When the Broadway musical Hamilton started becoming all the rage about three years ago, Melanie was immediately hooked on it and started listening to the soundtrack constantly. I resisted at first (“I don’t like hip/hop or rap!”) but I couldn’t help hearing it and the discussing it with Melanie and then before I knew it, I didn’t just enjoy it, I was dissecting the lyrics and exclaiming the musical and playwriting genius of Lin Manuel Miranda.

Soon enough our dream was to be able to somehow go to New York and get the priceless, impossible tickets and see Hamilton with the original Broadway cast. Of course, it was never going to happen. But we consumed all things Hamilton: We watched the #Ham4Ham YouTube videos, read blog posts and articles about it, watched every news special about it, Melanie read the biography that inspired it and then bought the book that accompanies it. We even watched the bootleg YouTube videos of the play itself before they got taken down. In short, we were hooked.

Eventually, as we knew it would, the announcement came that the show was going national. Permanent performances would go to Chicago and San Francisco, too far for us. But the national touring company was going to come through Boston! I immediately got on the mailing list for the local Broadway show promoters. At some point last year, they announced that initial ticket sales would be done by lottery and so I signed up and waited… for months.

Finally, in late spring of this year, I got the email. Tickets for winners of the lottery would go on sale soon and I was one of the lucky few. As soon as the time came, I got online and started looking for the best seats I could afford. Sure enough, we got seats in the Orchestra section to the far left at the Boston Opera House for an October performance. We paid a little over $300 for the tickets, but I was ecstatic despite the extravagance. You can imagine how much Melanie was over the moon. I didn’t realize how lucky we were. Once it was announced that tickets were on sale to the general public, there were news stories about people camping out overnight and people desperate for tickets. The very day after we went there happened to a front page story in the newspaper about people paying thousands of dollars for tickets. I could have probably sold our seats for over $1,000. But there’s no way I would.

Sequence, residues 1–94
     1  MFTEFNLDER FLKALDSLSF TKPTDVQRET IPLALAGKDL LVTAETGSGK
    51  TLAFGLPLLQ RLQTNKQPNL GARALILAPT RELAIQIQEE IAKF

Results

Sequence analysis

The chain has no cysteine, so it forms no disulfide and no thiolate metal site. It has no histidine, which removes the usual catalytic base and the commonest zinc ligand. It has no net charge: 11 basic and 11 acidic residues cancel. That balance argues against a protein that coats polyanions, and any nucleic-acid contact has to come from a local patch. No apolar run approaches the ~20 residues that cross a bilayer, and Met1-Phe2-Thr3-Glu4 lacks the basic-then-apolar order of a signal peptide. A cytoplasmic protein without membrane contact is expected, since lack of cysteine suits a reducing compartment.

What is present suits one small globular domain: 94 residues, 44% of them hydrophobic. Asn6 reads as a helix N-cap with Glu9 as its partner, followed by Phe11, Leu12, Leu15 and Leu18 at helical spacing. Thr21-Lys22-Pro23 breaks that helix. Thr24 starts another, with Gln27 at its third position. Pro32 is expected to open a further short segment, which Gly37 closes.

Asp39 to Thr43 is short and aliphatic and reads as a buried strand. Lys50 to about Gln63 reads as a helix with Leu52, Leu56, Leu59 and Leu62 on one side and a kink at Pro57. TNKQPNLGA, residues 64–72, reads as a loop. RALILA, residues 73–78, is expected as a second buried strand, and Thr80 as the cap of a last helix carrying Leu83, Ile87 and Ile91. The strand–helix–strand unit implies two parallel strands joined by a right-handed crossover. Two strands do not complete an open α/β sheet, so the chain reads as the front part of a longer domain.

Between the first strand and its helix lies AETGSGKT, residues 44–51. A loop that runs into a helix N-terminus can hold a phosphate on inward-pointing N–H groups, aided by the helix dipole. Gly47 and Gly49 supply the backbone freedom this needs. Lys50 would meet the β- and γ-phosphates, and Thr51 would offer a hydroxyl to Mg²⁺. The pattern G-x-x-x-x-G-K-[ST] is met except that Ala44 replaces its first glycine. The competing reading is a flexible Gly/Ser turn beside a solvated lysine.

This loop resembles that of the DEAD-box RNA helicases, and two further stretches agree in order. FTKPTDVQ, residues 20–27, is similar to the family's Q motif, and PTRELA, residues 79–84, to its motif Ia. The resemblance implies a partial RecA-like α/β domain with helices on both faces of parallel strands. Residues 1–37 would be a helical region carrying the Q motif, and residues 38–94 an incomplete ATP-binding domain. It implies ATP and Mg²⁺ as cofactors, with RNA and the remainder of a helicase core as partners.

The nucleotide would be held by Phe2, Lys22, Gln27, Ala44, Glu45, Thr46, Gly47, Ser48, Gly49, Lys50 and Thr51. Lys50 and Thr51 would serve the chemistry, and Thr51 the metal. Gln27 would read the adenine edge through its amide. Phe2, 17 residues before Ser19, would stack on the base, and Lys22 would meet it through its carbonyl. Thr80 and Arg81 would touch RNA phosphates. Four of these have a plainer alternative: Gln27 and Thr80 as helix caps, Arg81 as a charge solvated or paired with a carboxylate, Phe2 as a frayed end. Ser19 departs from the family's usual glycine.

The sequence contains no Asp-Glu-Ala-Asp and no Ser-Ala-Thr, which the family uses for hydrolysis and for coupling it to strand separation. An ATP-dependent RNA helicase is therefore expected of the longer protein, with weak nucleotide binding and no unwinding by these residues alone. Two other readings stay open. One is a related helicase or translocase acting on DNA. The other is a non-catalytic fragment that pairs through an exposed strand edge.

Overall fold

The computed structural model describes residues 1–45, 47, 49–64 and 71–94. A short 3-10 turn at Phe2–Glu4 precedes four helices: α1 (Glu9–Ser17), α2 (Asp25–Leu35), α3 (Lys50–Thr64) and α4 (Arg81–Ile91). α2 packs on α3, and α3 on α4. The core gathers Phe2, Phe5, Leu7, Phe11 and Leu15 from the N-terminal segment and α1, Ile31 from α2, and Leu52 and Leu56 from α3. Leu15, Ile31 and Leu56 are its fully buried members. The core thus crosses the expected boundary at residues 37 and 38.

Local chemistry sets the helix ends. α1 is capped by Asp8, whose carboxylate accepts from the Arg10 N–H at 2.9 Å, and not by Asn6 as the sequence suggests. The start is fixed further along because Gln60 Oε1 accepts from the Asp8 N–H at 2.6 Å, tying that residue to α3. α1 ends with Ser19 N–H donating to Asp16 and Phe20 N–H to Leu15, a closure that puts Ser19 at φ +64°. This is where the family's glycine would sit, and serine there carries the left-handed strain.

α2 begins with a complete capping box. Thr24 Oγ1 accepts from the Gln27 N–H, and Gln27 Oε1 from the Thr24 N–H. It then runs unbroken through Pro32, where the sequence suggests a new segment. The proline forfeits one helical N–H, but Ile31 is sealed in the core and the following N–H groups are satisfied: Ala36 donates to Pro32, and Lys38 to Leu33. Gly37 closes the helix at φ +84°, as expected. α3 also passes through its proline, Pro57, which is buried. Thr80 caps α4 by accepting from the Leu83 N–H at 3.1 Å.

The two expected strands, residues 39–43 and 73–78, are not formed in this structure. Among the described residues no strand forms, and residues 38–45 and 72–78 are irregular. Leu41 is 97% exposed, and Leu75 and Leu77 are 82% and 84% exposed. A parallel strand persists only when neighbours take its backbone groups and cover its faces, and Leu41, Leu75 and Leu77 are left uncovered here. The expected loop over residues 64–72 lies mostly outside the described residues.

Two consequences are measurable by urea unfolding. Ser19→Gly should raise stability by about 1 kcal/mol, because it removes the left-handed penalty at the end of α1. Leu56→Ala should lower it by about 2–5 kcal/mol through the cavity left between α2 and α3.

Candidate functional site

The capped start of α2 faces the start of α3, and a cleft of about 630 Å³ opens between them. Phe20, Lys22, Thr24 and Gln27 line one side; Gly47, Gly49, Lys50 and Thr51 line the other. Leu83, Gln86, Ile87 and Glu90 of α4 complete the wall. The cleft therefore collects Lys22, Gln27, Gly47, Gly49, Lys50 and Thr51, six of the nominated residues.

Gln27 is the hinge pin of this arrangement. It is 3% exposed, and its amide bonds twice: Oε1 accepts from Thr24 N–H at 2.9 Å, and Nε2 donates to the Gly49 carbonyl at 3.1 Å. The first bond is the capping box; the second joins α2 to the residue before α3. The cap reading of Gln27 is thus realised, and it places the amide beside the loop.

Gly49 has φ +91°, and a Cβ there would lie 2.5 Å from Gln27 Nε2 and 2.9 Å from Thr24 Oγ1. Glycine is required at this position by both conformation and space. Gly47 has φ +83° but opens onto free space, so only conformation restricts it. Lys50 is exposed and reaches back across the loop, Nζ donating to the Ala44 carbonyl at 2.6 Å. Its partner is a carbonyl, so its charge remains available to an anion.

My mom and dad came over to babysit and Melanie and I drove into Boston. We parked in the parking garage on Avenue du Lafayette, which we thought was appropriate. As I said, our seats were to the far left so a bit of stage right was obscured from our view, but nothing vital. It was interesting that the music was pre-recorded and piped and not live. I didn’t expect that.

The performers were good and I liked seeing how their interpretations of the characters differed from the original casts’. For example, Daveed Diggs (Lafayette/Jefferson) is pretty tall, but Bryson Bruce in this company, he’s one of the smallest guys in the cast and so he played up the “little big man” angle quite well. Our Hamilton, Edred Utomi, was apparently the second understudy and was listed as “Standby Alexander Hamilton”, but he was surprisingly excellent. My favorite was Peter Matthew Smith playing King George, who was less prissy and more menacing and unstable, which was fun. He was also quite funny. I think in some ways I liked this Aaron Burr better than Leslie Odom Jr. Odom is a better singer, of course, but he was almost too strong and confident, a true rival for Hamilton. Our Burr, played by Nicholas Christopher. was unsure and insecure who held himself back (“Wait For It”), not out of some grand strategy, but out of fear of failure. So well done.

Sure, I would have loved to have seen the original cast in person, but I’m so grateful to to have seen it performed on stage at all. And while I thought I understood the play from listening to the cast album, actually seeing it performed, the subtle movements and non-verbal communication changes and elevates it to another level.

If you can see it, do so. But I am so looking forward to the inevitable movie version. I hope they can get at least some of the cast back together for it.

Find out all about Dom on his About Me page.